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Sheep Dog Trials Offer Gray Muzzle Award and Tough Challenges
Tuesday, October 12, 2021


Kelly Ware knew when she put her border collie Becca up against the sheep from the Flat Top Sheep Company that she would be dealing with sheep with an attitude.

After all, these sheep had been roaming up and down slopes in the mountains near Hailey and Sun Valley all summer and they weren’t apt to take kindly to border collies from British Columbia and Texas telling them what to do.

Knowing how difficult it would be to pen these sheep, dog handlers came anyway—so many that the Trailing of the Sheep Festival Championship Sheepdog Trials had to start up a day early—on Wednesday—to accommodate them all.

In the end, even the winner of the five-day trials failed to pen her sheep, although she came close.

The first-place winner Jemma, owned by California physician Diana Sylvestre, penned her sheep two seconds after the buzzer ended the 20-minute finals challenge. Only two finalists—Libby Neider’s dog Kit of Bountiful, Utah, and Sharon Northrup and her dog Eric—penned within the time limit.

More than a hundred border collies and Australian shepherds—the best in the West—competed in the trials. Sporting names like Trigger, Rey, Dru and Rubee, they took part in a synchronistic dance with their handlers who used special shepherd’s whistles that are flat and shaped differently than the whistles referees use.

Even then there was an occasional twist--like that of a dog that headed out towards the sheep when its handler said "Go bye" and just kept going.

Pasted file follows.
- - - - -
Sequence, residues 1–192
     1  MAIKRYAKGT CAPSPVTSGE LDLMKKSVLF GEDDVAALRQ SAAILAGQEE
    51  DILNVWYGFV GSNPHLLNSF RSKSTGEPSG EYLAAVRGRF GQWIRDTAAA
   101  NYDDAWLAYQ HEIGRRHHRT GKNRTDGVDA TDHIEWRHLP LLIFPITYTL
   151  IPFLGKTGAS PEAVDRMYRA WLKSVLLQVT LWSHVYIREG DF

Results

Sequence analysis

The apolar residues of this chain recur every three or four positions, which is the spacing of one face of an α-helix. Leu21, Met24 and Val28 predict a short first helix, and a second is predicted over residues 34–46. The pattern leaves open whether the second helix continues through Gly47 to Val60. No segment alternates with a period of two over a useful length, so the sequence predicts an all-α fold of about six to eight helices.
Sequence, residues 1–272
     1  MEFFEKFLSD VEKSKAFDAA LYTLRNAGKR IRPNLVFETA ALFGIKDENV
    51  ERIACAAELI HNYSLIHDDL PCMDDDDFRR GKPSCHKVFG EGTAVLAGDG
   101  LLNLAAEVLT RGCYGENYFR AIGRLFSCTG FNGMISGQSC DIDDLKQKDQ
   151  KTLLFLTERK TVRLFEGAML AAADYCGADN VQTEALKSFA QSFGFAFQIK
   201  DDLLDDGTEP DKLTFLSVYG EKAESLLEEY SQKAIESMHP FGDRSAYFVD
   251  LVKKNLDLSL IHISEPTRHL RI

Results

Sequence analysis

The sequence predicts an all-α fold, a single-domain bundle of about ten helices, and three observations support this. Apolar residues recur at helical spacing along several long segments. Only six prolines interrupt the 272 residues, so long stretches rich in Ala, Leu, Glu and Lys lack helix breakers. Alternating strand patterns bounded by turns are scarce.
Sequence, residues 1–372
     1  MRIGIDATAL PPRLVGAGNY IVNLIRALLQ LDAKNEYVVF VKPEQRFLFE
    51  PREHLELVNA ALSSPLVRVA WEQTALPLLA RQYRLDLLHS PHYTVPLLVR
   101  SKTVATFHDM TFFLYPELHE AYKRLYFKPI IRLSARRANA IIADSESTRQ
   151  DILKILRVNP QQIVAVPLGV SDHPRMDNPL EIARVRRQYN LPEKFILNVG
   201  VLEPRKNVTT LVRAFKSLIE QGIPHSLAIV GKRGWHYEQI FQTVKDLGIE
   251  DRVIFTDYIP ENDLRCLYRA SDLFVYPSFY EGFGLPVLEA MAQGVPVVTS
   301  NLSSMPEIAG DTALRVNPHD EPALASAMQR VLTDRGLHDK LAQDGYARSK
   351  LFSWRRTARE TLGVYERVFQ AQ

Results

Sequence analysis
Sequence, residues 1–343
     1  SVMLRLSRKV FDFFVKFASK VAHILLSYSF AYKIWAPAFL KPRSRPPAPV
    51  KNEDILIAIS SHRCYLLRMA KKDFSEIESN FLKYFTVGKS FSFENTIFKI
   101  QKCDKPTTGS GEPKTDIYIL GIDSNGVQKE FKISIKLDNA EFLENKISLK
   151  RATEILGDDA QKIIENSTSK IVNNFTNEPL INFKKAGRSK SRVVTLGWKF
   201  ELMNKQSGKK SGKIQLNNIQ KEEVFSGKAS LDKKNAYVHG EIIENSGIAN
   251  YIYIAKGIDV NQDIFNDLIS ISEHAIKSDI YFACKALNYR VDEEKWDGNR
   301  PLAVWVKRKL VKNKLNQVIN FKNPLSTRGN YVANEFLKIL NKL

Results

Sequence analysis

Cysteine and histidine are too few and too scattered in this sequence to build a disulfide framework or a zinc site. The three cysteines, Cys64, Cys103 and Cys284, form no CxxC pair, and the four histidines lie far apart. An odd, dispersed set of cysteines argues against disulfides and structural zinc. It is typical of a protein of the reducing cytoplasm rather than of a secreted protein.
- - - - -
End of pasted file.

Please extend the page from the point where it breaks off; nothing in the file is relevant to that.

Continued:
This year’s trials sported a couple new things–a special category for beginner sheep dogs and the Gray Muzzle Award for sheep dogs 8 and older. That was won by Cora, the dog of Angela Akers. Cora also took overall winner on Friday.

Making a comeback at the trials was the Double Lift Competition, which took place 20 years ago.

This 20-minute competition was reserved for the top 15 dogs who had won earlier 8-minute competitions involving five sheep. The finals challenged dogs to bring a group of eight sheep through the gates and leave them while going out to find another group and bring them in. The finals were relegated to the top three dogs from each day plus a few wild cards who had earned top points.

It was not an easy task for dogs who think it anathema to leave their sheep, said Sylvestre.

Indeed, she found Jemma clearly confused when she told her “Look back.” The dog looked at her as if to say, “I brought you this herd of sheep. What are you asking me to do?” Finally, the dog seemed to understand and turned back to dash through grass the color of wheat towards a second group of eight sheep herding them into towards the crowd.

“Normally we don’t train to do this because you don’t expect to get to this level,” said Sylvestre.

Once Jemma brought the second group of sheep in, she was tasked with separating five of sheep with orange collars from the rest in what’s called the International Shed. The dogs, of course, don’t understand it’s the collared sheep they need to cull; they’re watching their handlers to see with sheep to separate.

And the sheep, wanting mightily to stay together, were not easy to separate.

“The International Shed is the event that separates the winners from the rest of us,” Sylvestre said earlier during the trials.

When the dust had cleared, two of the dogs had penned their sheep—Kit, who is owned by Libby Nieder of Bountiful, Utah, and Sharon Northrup and her dog Earl. But three others won the competition based on the points they amassed.

After Sylvestre and Jemma, Tammy Wilden and Ben placed second, and Carol Clawson and Timp placed third. It was the first time a wild card draw has finished first.

“It was fascinating to watch,” said Boisean Marly MacDonald, who watched parts of all five days. “It was so exciting because I didn’t believe it could be done, that the dogs could pen 16 sheep and then separate five of them. The sheep just wanted to be together and it was a precision thing between herder and dog.”


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